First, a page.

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Jean-Baptiste LULLY (1632-1687)
Dies Irae - Grands Motets Vol 1
Dies irae [23:08]
O Lachrymae [24:23]
De profundis [21:38]
Les Épopées/Stéphane Fuget
rec. 10-12 July 2020, La Chapelle Royale du Château de Versailles, France

The Grands Motets of Lully have not been well served by the record companies. There have been a number of recordings, but they have been short-lived in the catalogues, while others have hardly got to CD. The Dies irae that gives this issue its title is, I think, one of only four recordings that are presently available on disc, and this is one of the more popular of the motets. The other two motets featured here are even worse served on disc, and the Petits Motets has just the one recording, seemingly still available on the wonderful William Christie disc (HAF8901274) from 1987, so this new recording is all the more welcome.

The pace of the opening Dies irae is immediately striking; it is by far the slowest of the three versions I know and indeed seems to be the slowest recording available: 23:08 compared with the 18:32 of Herreweghe (Harmonia Mundi HMA1951167), whereas Hervé Niquet (Naxos 8.554398) goes to the other extreme, clocking in at 15:39. (His Dies Irae is currently part of the only complete survey of the complete Grands Motets available on disc (Naxos 8.503229) and well worth investigating.) Despite this difference in timings, Stéphane Fuget’s new recording never sounds slow; rather, it sounds well-paced, suitably penitent and only a little more sombre than the Niquet. It is also better divided than either of my other two versions, with six key points compared to the three of Niquet and the single track of Herreweghe.

Both the O Lachrymae and the De profundis here are once again slower than Hervé Niquet, his recording of the O Lachrymae being the only other available. The De profundis has been served a little better with a further recording by Leonardo García Alarcón (ALPHA 444), which I have not yet managed to hear, but which is the longest version on disc, if not by much. As with the Dies irae, this recording offers the listener a splendid aural experience; the soloists, chorus and instrumentalists are all on excellent form and again accentuate the sombre aspects of the text, making their performances superior to the Niquet, especially in the De profundis, which is super.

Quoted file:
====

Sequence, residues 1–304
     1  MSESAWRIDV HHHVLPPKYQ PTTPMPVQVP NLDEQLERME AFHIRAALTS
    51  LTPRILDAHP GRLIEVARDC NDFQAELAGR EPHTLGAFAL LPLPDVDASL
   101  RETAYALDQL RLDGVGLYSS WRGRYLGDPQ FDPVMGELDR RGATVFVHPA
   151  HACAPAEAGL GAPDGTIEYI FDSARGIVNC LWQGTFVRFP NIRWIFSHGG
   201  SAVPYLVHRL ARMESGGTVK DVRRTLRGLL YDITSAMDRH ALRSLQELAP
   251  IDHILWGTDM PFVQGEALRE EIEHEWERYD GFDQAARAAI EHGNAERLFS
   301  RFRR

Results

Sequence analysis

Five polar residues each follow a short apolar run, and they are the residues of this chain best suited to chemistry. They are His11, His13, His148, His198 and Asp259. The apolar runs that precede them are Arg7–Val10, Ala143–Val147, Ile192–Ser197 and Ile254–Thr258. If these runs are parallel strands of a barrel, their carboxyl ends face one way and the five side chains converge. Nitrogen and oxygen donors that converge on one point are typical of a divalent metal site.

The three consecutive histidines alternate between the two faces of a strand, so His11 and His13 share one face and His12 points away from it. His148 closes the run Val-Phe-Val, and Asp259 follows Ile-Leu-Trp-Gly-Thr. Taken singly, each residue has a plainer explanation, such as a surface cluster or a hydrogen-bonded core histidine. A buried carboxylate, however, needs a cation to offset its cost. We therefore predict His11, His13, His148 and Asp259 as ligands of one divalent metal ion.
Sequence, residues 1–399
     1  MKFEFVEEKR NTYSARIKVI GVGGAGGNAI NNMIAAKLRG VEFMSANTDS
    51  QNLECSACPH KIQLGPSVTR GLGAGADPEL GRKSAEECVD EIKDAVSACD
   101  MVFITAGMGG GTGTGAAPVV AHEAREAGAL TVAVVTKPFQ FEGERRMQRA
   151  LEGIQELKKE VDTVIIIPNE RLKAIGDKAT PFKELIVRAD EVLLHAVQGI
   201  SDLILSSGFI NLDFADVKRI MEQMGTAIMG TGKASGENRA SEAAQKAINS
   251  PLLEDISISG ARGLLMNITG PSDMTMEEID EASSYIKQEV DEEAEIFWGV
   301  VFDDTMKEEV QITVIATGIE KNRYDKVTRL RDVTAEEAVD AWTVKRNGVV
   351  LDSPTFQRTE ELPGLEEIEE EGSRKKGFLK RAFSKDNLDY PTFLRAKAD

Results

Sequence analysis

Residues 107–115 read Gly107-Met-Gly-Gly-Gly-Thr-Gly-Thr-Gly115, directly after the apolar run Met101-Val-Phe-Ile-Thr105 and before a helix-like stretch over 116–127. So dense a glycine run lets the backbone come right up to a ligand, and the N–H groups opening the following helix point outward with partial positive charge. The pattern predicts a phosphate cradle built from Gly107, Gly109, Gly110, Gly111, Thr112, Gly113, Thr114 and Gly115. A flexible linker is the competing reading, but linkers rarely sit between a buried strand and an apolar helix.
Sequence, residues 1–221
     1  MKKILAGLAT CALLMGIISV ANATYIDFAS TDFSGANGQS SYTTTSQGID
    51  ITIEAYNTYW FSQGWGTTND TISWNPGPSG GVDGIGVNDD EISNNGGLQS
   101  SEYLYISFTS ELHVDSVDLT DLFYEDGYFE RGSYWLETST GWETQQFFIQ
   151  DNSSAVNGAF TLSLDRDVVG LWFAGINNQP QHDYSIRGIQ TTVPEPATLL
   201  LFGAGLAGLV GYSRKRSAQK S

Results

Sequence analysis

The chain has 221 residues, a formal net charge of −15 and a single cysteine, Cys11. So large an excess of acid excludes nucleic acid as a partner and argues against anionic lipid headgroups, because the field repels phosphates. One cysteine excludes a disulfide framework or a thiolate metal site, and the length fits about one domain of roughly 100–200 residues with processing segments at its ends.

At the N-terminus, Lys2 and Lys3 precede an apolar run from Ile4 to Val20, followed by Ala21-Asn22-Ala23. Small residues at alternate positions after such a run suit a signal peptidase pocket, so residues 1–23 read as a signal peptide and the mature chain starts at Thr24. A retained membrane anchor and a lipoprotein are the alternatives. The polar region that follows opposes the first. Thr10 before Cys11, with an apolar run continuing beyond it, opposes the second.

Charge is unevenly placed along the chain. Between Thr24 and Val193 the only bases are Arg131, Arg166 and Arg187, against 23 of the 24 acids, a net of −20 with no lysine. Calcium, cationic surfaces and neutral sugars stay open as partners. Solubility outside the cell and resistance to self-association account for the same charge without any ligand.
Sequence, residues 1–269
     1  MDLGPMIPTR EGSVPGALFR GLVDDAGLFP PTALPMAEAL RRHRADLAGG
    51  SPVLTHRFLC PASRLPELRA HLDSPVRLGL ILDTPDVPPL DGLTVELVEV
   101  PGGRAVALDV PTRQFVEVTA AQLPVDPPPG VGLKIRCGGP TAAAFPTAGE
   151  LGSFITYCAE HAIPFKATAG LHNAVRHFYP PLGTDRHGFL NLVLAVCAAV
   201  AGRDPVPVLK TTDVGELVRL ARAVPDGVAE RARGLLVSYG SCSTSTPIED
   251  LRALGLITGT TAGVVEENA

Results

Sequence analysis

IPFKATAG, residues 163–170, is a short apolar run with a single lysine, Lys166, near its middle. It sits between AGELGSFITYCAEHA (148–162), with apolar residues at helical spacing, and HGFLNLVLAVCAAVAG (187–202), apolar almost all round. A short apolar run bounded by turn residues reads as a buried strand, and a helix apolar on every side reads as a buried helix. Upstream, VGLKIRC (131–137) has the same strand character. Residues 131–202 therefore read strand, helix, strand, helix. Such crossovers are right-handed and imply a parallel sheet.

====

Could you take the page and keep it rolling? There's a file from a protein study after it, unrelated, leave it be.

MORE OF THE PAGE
Both Niquet’s 1993-94 recording and the earlier Herreweghe, although good, now sound a little dated in comparison to this new issue from Fuget, whose engineers achieve a brighter and more natural result. This new recording is blessed with greater clarity so the sung text comes through better. The booklet notes, too, are superior, with a more in-depth discussion of the music compared to either of the other recordings discussed. All in all, this is a highly impressive, thoroughly enjoyable disc, which, in my experience, is better than any other recording and no fan of Lully and French baroque music in general will want to be without it.

Stuart Sillitoe

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